Flare on leaking oil platform extinguished, energy firm says

Story highlights

  • The flare on a North Sea platform that has been leaking gas has gone out, Total says
  • There had been fears the flare could ignite the clouds of escaping gas
  • Gas has been leaking from the platform off the Scottish coast since Sunday
  • Total is starting work on a plan to stop the leak, including drilling relief wells

The flare on a North Sea platform that has been leaking gas for nearly a week has extinguished itself, energy giant Total said Saturday.

There had been fears the flare could ignite the escaping gas at the Elgin platform, about 150 miles (240 km) east of the Scottish city of Aberdeen, potentially causing a huge explosion.

Total said it had received the first indication that the flare might be out at lunchtime on Friday.

This was subsequently confirmed by a second surveillance flight later that afternoon, the company said in a statement. "Our sea vessels on location reported no further flare activity through the night," it added Saturday.

Total said Friday that it was ready to push ahead with two operations intended to stop the leak, following five days during which the site had remained stable.

Map shows the location of the Elgin platform in the North Sea.
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"The first is to pump heavy mud directly into the well and the second is to drill relief wells to intervene at the source of the gas flow," Total said.

The firm is "mobilizing all means to allow these options to be implemented," it said.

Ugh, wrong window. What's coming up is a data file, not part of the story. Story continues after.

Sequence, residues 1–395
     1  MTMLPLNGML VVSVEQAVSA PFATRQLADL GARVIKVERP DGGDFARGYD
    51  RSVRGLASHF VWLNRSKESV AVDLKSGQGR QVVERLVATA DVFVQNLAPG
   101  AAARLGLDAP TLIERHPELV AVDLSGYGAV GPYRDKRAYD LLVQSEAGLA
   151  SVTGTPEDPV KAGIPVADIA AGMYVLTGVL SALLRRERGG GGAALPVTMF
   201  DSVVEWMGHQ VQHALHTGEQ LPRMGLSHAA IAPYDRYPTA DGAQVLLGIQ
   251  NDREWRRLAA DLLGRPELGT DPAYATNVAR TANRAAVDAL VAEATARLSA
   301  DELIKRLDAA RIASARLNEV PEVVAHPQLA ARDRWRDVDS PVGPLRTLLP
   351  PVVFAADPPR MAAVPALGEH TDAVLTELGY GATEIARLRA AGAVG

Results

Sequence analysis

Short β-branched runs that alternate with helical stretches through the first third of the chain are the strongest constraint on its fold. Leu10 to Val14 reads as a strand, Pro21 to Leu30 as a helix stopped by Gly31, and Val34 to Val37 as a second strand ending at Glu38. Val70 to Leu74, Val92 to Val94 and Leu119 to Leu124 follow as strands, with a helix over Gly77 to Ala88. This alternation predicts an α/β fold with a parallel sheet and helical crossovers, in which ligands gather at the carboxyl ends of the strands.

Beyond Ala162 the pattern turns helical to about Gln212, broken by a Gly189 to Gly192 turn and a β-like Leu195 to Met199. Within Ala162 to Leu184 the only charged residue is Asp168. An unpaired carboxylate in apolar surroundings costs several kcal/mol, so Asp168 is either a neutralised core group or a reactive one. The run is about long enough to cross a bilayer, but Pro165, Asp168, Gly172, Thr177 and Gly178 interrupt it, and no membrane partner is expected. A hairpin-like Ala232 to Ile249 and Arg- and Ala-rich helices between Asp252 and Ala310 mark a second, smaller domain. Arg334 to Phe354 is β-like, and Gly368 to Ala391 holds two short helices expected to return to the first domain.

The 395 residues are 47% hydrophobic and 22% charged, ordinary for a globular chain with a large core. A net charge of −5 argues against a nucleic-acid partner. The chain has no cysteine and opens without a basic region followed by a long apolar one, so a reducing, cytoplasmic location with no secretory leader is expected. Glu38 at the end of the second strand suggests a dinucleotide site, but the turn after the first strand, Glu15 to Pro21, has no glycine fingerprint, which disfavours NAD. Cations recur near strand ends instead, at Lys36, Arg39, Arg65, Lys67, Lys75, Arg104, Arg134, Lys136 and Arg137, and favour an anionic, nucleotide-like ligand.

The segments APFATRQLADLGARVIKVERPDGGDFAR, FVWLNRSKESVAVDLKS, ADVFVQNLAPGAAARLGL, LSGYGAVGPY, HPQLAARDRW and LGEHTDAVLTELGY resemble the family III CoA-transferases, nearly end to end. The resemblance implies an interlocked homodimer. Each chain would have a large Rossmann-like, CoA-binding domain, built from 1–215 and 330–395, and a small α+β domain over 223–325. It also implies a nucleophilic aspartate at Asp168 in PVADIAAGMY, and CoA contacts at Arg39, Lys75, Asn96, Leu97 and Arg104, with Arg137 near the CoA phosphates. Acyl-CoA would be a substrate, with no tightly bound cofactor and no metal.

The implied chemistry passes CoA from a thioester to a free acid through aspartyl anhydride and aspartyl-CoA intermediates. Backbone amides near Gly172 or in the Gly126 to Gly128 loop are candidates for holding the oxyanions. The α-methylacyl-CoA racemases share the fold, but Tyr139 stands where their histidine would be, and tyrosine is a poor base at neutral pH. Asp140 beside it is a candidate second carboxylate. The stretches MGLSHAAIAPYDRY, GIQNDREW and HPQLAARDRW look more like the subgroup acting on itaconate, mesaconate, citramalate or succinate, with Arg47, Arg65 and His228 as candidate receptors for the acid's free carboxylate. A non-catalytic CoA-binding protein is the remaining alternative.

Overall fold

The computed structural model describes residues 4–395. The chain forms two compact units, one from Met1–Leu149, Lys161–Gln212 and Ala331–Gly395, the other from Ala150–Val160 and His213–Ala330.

Total has two drilling rigs in the area which will be used to drill the relief wells, it said.

The company, which is still investigating the cause of the leak, estimates that 200,000 cubic meters of gas a day are escaping.

"The gas cloud is fairly small in size and prevailing winds are blowing it away from the platform and dispersing it," Total said. "An exclusion zone around the platform has been set up by the UK authorities taking into account a wide safety margin."

Scottish Environment Secretary Richard Lochhead said Friday he had stressed the need for "absolute transparency" from Total and the British government with regards to the situation.

While the current environmental risk "continues to be minimal," he said, the authorities will continue to be vigilant.

Nearly 240 workers were taken off the rig as the problem developed Sunday. Two nearby rigs were also partially evacuated by Shell.

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